# How to autocalibrate a SWMM model with swmmr

## Introduction

Model calibration or optimization is an essential part within the modelling chain to improve the model quality. During calibration, model parameter values are systematically modified to optimize an objective function, which numerically expresses the difference between observation and simulation data. In this tutorial, we walk through the required steps to autocalibrate a SWMM model with swmmr. We calibrate the Example1.inp model which is shipped with the offical SWMM executable from US EPA. For the optimization, we use the DEoptim package, which provides a differential evolution optimization algorithm.

library(swmmr)
library(DEoptim)

## Setup

First, model paths are defined and a simulation run is initiated with run_swmm to check for errors.

# set path to inp
# If your operating system is Windows, the Example1.inp model is usually
# located at "C:\Users\your user name\Documents\EPA SWMM Projects\Examples".
# For convenience the Example1.inp model is also included in the swmmr package.
# Feel free to change this to your path of choice.
inp_file <- system.file("extdata", "Example1.inp", package = "swmmr", mustWork = TRUE)

# both rpt and out files are temporary files
tmp_rpt_file <- tempfile()
tmp_out_file <- tempfile()

# initiate the simulation
swmm_files <- run_swmm(
inp = inp_file,
rpt = tmp_rpt_file,
out = tmp_out_file
)

The original output of the first simulation run is assumed to be the observation data. The parameter of interest is total_runoff at node 18. We load the observation data as an xts object with read_out.

obs <- read_out(
file = swmm_files$out, iType = 1, object_name = "18", vIndex = 4 )[["18"]]$total_inflow

To keep it simple, we only calibrate the model parameter Perc_Imperv of subcatchments which are larger than 10 ha. The original parameter values are “50” for subcatchment “5” and “10” for subcatchment “6”. The model structure is loaded with read_inp.

# read model structure
inp <- read_inp(swmm_files$inp) # show the original parameter values inp$subcatchments[inp$subcatchments$Area > 10, ]

## Goodness-of-fit criteria

To numerically evaluate the difference between observation and simulation data, we use the Nash-Sutcliffe efficiency (nse).

# function calculates the goodness of fit value
# input x is a two column xts object, col1: obs, col2: sim
nse <- function(x) {
1 - sum((x[, 1] - x[, 2]) ^ 2) / sum((x[, 1] - mean(x[, 1])) ^ 2)
}

## Objective function

The optimization algorithm exactly needs one function to be minimized. Therefore, we define a function that

1. first argument takes a vector of real-valued parameters,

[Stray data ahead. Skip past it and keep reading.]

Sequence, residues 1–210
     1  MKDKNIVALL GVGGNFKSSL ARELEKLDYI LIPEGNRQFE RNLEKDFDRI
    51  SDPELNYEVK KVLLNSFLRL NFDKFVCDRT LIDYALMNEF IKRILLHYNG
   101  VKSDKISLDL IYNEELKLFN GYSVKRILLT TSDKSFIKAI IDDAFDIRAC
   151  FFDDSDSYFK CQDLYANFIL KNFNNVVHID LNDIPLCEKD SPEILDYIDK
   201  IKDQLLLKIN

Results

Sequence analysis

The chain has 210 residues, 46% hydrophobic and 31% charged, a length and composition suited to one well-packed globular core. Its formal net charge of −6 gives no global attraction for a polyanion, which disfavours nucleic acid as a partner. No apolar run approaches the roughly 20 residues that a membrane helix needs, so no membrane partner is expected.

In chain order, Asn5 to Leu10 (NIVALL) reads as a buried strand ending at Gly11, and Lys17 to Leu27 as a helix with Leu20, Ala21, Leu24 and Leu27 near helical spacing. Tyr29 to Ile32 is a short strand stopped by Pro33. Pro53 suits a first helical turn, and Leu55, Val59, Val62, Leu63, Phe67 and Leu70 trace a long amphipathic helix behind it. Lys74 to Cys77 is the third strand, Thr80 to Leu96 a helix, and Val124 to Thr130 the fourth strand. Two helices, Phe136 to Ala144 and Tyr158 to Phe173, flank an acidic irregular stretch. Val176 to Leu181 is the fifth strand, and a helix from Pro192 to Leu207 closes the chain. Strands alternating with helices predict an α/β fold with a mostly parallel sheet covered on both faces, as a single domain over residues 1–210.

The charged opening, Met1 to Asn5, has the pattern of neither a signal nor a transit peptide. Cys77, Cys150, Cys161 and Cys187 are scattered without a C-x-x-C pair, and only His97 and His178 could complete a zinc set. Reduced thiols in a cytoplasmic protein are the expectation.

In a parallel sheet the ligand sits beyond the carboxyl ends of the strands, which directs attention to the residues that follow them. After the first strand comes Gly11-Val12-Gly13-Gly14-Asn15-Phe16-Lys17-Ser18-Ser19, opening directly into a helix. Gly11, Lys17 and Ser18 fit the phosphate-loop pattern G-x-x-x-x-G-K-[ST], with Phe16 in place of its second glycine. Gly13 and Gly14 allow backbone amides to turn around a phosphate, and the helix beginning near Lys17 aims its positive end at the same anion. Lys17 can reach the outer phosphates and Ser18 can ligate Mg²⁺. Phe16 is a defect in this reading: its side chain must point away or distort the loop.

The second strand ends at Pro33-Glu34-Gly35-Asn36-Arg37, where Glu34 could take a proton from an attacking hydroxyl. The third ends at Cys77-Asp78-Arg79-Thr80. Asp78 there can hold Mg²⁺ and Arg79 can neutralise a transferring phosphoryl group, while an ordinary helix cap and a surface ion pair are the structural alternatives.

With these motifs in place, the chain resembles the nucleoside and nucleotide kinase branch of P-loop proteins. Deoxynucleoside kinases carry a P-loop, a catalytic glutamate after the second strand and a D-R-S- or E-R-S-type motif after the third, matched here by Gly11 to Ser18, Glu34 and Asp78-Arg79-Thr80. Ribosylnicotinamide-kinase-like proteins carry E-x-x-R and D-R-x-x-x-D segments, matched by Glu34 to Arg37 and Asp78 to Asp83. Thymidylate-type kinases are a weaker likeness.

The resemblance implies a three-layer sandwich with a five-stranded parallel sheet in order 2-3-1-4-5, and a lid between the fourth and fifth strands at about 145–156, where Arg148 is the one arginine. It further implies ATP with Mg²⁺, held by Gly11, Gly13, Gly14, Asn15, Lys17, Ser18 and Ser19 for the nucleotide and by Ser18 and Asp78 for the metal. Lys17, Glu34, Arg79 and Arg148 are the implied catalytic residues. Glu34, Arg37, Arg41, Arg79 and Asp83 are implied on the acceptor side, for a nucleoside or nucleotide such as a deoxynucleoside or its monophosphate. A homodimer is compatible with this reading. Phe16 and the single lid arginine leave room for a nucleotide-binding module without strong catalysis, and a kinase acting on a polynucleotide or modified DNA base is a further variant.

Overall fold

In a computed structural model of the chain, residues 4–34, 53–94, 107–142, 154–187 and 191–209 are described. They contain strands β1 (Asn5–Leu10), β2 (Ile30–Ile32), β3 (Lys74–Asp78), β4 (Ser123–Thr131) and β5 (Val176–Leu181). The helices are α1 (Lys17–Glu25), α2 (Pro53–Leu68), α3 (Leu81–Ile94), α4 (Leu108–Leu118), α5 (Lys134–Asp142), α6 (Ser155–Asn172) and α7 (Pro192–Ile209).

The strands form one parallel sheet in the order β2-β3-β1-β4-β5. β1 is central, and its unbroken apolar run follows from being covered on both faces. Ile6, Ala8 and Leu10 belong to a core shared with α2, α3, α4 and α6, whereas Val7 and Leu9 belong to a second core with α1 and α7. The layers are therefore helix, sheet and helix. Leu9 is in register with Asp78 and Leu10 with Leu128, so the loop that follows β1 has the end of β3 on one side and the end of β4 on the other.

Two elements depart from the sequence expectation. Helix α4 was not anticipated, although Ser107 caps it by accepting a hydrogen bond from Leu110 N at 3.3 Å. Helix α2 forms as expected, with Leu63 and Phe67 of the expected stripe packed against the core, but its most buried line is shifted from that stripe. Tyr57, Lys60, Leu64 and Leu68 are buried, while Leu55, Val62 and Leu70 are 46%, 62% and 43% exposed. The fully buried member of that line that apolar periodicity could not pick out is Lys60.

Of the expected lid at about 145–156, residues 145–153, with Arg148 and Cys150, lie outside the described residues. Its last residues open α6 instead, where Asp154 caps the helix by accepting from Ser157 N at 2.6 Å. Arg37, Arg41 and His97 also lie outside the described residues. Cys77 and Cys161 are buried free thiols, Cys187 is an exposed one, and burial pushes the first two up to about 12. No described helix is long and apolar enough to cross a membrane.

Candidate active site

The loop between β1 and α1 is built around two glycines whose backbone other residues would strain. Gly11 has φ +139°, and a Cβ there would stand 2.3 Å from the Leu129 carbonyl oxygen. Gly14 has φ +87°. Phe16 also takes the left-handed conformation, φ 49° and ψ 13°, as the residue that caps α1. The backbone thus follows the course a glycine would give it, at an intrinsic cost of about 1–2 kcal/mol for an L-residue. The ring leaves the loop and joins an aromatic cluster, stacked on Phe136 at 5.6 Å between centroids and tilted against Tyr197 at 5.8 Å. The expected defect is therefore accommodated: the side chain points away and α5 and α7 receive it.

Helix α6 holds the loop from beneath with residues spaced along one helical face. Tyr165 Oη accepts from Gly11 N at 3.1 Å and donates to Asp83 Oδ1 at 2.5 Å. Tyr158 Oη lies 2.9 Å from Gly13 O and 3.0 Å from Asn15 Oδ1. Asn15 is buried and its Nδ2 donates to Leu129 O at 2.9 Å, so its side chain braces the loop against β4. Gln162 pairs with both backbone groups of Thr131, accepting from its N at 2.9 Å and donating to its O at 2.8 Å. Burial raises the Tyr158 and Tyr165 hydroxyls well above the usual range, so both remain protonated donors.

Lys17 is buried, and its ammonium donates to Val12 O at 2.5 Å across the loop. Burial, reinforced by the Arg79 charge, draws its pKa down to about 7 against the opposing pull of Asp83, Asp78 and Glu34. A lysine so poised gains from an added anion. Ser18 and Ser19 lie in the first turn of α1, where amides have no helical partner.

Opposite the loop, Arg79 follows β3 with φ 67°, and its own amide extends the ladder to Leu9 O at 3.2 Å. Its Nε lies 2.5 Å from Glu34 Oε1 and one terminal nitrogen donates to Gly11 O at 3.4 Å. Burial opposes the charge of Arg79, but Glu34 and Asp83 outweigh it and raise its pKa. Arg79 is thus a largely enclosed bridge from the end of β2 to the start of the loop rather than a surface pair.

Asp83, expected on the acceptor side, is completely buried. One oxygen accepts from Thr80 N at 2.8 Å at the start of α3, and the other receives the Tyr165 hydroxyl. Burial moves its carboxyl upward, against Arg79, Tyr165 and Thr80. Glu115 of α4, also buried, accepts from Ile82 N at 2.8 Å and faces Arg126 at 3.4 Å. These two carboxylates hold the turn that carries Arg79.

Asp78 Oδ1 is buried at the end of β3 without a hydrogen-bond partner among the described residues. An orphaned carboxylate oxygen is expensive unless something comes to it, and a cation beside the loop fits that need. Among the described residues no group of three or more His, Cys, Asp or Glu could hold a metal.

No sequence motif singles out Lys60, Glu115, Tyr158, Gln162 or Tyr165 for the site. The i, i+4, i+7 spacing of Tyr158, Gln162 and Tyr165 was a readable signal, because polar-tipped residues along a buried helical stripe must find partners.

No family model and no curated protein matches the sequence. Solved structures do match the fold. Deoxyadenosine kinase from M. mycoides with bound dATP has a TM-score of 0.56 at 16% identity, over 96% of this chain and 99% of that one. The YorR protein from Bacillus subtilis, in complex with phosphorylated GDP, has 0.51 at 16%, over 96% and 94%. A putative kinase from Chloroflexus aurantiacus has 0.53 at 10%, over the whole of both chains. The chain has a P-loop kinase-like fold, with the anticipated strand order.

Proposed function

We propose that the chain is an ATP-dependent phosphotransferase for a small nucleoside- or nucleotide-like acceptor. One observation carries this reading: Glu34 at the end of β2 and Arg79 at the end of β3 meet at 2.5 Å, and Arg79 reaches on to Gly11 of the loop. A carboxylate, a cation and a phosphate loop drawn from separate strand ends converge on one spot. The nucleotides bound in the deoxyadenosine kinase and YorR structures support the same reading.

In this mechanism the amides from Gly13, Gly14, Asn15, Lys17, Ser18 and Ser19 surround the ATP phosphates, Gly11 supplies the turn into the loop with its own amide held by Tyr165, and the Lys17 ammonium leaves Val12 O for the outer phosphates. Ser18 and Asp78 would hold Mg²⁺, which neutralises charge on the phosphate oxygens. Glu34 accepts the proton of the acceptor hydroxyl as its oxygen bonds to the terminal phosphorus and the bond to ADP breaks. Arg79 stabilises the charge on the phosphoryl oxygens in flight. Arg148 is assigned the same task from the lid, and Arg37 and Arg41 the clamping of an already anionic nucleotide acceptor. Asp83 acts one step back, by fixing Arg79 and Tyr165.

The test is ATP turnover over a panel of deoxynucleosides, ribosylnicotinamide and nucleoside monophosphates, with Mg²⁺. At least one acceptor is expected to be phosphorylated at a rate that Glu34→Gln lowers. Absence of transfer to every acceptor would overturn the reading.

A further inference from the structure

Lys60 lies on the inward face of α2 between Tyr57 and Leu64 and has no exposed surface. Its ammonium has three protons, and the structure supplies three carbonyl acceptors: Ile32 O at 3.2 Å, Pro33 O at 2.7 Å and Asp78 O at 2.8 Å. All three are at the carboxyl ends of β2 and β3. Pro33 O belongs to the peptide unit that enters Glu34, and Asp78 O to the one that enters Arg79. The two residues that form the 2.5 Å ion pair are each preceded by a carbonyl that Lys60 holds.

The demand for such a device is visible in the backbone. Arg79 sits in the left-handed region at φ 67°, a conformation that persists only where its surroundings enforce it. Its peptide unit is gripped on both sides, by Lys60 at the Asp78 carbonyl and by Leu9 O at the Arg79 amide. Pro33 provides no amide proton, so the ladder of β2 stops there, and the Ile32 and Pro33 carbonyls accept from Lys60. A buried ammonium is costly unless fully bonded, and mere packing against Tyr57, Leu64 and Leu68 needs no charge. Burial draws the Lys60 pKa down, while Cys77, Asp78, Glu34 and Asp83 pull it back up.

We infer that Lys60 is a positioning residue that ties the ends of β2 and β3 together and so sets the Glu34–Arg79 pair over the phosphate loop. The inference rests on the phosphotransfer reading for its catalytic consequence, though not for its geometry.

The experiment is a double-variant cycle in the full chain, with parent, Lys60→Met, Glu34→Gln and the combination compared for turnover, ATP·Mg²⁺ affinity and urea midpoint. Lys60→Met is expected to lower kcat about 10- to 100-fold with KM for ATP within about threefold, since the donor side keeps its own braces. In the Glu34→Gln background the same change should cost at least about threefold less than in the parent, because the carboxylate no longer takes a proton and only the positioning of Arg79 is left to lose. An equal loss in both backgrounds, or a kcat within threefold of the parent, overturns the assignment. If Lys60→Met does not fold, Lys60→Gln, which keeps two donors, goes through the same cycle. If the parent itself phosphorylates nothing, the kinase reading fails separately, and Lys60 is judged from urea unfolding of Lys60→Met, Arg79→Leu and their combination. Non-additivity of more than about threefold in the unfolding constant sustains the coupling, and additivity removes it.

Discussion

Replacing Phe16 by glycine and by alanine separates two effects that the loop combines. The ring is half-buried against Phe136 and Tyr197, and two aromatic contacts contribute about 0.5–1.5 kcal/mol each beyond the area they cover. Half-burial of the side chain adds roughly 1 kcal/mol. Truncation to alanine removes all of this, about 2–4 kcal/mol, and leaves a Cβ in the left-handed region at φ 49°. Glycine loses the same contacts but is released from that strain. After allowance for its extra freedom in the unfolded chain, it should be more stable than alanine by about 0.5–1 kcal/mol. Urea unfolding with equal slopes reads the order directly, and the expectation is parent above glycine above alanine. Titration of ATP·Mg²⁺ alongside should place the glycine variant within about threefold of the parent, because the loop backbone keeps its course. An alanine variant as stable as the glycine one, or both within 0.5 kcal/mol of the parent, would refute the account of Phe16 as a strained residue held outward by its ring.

2. second argument is a loaded inp file, containing a list of SWWM section as tibbles and
3. takes observation data as a third argument.

The function mainly consists of three sections. First, a new parameter set generated from the optimization algorithm overrides the original values of the inp object. The updated inp object is then written to disk with write_inp. Second a simulation run is performed with the new inp file and results are read with read_out. Finally, the goodness-of-fit value is calculated.

obj_fun <- function(x, inp, obs) {

# set new parameters and update inp object
inp$subcatchments <- transform( inp$subcatchments,
Perc_Imperv = ifelse(Area > 10, x, Perc_Imperv)
)

# write new inp file to disk
tmp_inp <- tempfile()
write_inp(inp, tmp_inp)

# run swmm with new parameter set
swmm_files <- suppressMessages(run_swmm(tmp_inp, stdout = NULL))

# remove files when function exits to avoid heavy disk usage
on.exit(file.remove(unlist(swmm_files)))

file = swmm_files$out, # path to out file iType = 1, # type: node object_name = "18", # name of node vIndex = 4 # parameter at node: total inflow )[["18"]]$total_inflow # directly access to xts object

# calculate goodness-of-fit
# note: multiply by minus one to have a real min problem (nse: +1 to -Inf)
nse(merge(obs, sim)) * -1
}

## Optimization

Finally, we need to config the optimization algorithm. It is required to provide

1. the function to be optimized
2. parameter bounds (lower, upper)
3. a list of control parameters (useful for parallel computing or fine tuning)
4. further argument passed to the function to be minimized (here: the ìnp object and the observation data)
  set.seed(84) # to get reproducible results

calibration_res <- DEoptim(
fn = obj_fun,
lower = c(0, 0),
upper = c(100, 100),
control = list(
itermax = 50, # maximum iterations
trace = 10, # print progress every 10th iteration
packages = c("swmmr"), # export packages to optimization environment
parVar = c("nse"), # export function to optimization environment
parallelType = 0 # set to 1 to use all available cores
),
inp = inp, # 'inp' object
obs = obs # xts object containing observation data
)

summary(calibration_res)

The calibration yields as optimized parameter values which is close to the original values.